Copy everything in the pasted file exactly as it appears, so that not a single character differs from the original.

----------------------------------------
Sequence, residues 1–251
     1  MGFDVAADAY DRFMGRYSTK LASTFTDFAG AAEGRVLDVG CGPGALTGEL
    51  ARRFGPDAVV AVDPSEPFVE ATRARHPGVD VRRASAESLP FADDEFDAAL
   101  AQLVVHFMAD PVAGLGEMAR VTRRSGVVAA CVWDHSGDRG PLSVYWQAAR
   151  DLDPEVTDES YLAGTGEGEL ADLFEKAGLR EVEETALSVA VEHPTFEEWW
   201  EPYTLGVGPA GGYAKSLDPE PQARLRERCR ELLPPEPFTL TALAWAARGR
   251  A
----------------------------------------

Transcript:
Sequence, residues 1–251
     1  MGFDVAADAY DRFMGRYSTK LASTFTDFAG AAEGRVLDVG CGPGALTGEL
    51  ARRFGPDAVV AVDPSEPFVE ATRARHPGVD VRRASAESLP FADDEFDAAL
   101  AQLVVHFMAD PVAGLGEMAR VTRRSGVVAA CVWDHSGDRG PLSVYWQAAR
   151  DLDPEVTDES YLAGTGEGEL ADLFEKAGLR EVEETALSVA VEHPTFEEWW
   201  EPYTLGVGPA GGYAKSLDPE PQARLRERCR ELLPPEPFTL TALAWAARGR
   251  A